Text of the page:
I didn’t know quite what my roommate meant by that. “So nothing else can ever have a dark side?”

We agreed to drop the subject, or one of us received a phone call and had to leave suddenly, I don’t remember. However, the subject did come up again. I think it was after class one day. We were walking together. I kind of want to describe Skip a little more, his martial carriage or maybe the tilt of his shoulders and the way he stole forward on the balls of his feet, or how he always kept his head down and shot quick glances to see if he was being followed. I would love to describe the weather that day, sunny enough that many of the girls were in shorts, but Skip and I weren’t wasting any time on that. We had somewhere to be, an appointment. Being best friends, we scheduled our appointments together if possible. But all I really remember that day is the bushes, what it felt like to get pushed from behind and end up in the bushes. 

I looked up at Skip. “Why’d you do that?”

“I didn’t do anything.”

I blinked, looked around. “Then who did?”

He shrugged. “I don’t like the way you’ve been talking about Rebecca. Our neighbors told me what you’ve been saying.”

I never should have confided in those neighbors; I knew it in the moment and couldn’t stop myself. I barely knew them. All those months living next to one another, and all we’d done was nod hello. Maybe you have felt like this too, like it was finally your chance to be as intimate as you could with another party that remained just beyond arm’s reach, only to realize later that neither party had any lasting feelings for the other. 

“I might have expressed my concerns, and on top of that made some inquiries about her,” I admitted.

“What did Rebecca ever do to you?”

Which brings us to what I could never tell Skip about. She showed up one day when he wasn’t there. She said that her room in her own dorm was currently packed full of drunk girls and would I mind, since she had been up all night studying for an exam, if she took a nap? Here? Now, as I said, Skip wasn’t around. She knew Skip’s schedule. She knew he wouldn’t be around. If she knew that, it follows that she would know that I would unmistakably be around. She wasn’t supposed to be in the male dormitory anyway! And there she was, lying in Skip’s bed. For hours she lay there unmoving, her ass pointed in my direction.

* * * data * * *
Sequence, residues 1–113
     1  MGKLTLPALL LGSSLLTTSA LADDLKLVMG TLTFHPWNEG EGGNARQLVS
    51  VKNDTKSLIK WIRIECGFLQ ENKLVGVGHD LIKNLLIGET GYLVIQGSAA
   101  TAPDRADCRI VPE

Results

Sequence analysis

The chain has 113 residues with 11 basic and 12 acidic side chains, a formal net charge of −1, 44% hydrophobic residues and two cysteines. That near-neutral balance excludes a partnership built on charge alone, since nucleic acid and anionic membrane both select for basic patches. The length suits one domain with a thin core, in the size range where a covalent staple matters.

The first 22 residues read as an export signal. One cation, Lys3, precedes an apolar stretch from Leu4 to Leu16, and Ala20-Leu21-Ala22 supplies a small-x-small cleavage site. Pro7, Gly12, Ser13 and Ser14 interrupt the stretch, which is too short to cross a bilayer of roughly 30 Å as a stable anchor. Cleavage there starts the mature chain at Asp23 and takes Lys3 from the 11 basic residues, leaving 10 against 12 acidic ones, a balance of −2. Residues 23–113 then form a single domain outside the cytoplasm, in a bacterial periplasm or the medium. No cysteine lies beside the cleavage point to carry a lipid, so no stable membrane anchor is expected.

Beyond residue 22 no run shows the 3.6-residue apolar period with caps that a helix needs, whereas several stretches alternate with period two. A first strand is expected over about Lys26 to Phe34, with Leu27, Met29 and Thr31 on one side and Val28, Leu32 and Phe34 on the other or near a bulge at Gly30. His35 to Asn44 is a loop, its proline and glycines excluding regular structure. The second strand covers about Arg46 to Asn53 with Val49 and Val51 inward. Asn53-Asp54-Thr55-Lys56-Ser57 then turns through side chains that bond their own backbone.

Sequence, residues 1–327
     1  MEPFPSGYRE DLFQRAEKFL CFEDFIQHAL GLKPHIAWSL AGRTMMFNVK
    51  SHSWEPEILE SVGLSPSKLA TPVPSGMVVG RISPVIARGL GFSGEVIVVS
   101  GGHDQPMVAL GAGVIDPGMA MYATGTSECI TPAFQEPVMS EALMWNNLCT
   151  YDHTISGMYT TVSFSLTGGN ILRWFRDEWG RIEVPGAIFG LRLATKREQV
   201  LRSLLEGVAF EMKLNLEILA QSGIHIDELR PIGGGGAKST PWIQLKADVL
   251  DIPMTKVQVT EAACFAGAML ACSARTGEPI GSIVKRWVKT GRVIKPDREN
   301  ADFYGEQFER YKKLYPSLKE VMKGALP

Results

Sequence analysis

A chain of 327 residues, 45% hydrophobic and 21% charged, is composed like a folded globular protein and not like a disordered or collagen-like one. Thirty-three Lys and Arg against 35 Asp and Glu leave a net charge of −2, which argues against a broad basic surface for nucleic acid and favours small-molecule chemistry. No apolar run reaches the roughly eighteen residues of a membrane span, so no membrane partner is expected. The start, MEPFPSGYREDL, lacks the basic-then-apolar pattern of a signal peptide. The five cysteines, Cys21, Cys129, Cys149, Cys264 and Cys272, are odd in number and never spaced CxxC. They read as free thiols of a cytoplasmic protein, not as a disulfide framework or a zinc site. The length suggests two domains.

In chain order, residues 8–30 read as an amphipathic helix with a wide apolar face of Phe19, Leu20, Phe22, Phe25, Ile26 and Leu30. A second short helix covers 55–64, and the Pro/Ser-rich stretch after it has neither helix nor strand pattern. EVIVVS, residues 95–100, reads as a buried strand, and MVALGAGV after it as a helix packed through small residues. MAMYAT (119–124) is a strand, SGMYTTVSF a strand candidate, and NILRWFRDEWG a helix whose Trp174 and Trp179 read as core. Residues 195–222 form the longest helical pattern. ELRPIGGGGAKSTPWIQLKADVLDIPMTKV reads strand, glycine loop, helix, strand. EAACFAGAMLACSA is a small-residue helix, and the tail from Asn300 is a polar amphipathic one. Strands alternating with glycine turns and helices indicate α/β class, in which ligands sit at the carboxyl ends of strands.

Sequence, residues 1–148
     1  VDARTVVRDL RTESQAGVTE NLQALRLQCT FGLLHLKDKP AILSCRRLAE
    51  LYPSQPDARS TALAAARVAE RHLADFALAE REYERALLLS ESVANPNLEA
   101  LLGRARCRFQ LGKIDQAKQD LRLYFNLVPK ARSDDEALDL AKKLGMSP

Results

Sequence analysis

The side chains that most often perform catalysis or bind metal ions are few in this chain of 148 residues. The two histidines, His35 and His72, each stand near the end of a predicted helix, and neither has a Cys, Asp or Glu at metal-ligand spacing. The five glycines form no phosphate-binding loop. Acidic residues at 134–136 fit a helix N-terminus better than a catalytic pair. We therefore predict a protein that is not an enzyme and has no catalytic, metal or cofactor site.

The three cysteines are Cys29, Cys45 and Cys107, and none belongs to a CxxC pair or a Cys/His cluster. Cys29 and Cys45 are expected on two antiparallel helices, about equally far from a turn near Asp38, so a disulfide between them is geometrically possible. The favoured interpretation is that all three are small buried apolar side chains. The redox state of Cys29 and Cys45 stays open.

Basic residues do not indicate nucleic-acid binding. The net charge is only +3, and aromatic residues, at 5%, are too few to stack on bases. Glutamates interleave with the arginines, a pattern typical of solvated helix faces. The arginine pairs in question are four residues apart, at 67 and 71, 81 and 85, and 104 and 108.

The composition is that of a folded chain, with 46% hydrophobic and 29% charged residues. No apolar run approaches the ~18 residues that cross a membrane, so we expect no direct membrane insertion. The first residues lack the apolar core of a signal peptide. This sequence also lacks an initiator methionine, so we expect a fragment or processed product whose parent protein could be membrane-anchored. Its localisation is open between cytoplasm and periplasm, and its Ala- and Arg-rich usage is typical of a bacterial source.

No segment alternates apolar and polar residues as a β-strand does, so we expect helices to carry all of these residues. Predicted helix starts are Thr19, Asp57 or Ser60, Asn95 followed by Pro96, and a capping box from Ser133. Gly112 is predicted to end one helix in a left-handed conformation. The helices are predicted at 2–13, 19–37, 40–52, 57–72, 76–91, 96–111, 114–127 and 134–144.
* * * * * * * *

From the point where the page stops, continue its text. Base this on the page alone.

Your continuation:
“Why are you telling me this?” Skip asked. 

I didn’t want to say anything. But I felt I owed it to him. “You should have seen her,” I told him. “The way she did it. I mean how she positioned herself.” We were not on our way to appointments but on our way back to the dorm, come to think of it, and now that the fog has lifted I remember grabbing a piece of paper and pencil and thinking that I might draw her lying there, a sketch that conformed mostly to reality. I was a shitty artist so put the paper away without drawing anything and explained that I never wanted to reveal any of this, but it had been eating me up inside. 

“Show me,” Skip asked. 

“What do you mean?”

“Show me how she did it.” He got off his bed, gestured at it. “Lie down. Like she did.” He sat down on my bed, where I had been at the time. “Now show me,” he instructed. 

During the demonstration I must have fallen asleep. I guess that’s to be expected since that’s exactly what Rebecca did. Or was I only pretending to be asleep and was in fact waiting, like Rebecca, for that moment when another body merges into mine? In any event, Skip was gone when I woke up. Safe to assume he went to have it out with Rebecca, I thought, but no, I discovered soon enough that they did not have it out. Somehow they ended up closer than before. 

What really bothered me was how nice Skip was suddenly acting to me. He was the kind of guy who never smiled for pictures, who tried to look indifferent or like he’d already let you take a bunch of pictures of him and this was the last one he’d permit, but sometimes I’d catch him staring at me across the room with this large plastered smile while I did my homework. Beyond these awkward and overly polite exchanges in our room, we never saw one another. It’s important for best friends to spend a lot of time together, but Rebecca was getting in the way of that. She must have told him to be nice to me so I wouldn’t suspect anything.

Something else that happened was we stopped wrestling. If you’ve been to college, then you know what it’s like to get drunk and wrestle on the floor with your roommate over the littlest things, meaningless disputes, like what the capital of some random country is. It’s part of the college experience, and in our room you had to let Skip win, for Skip was the type of guy who stopped laughing at some point and hardened above you, suddenly red-faced and deadly serious, like he would rather die than lose to anyone at anything.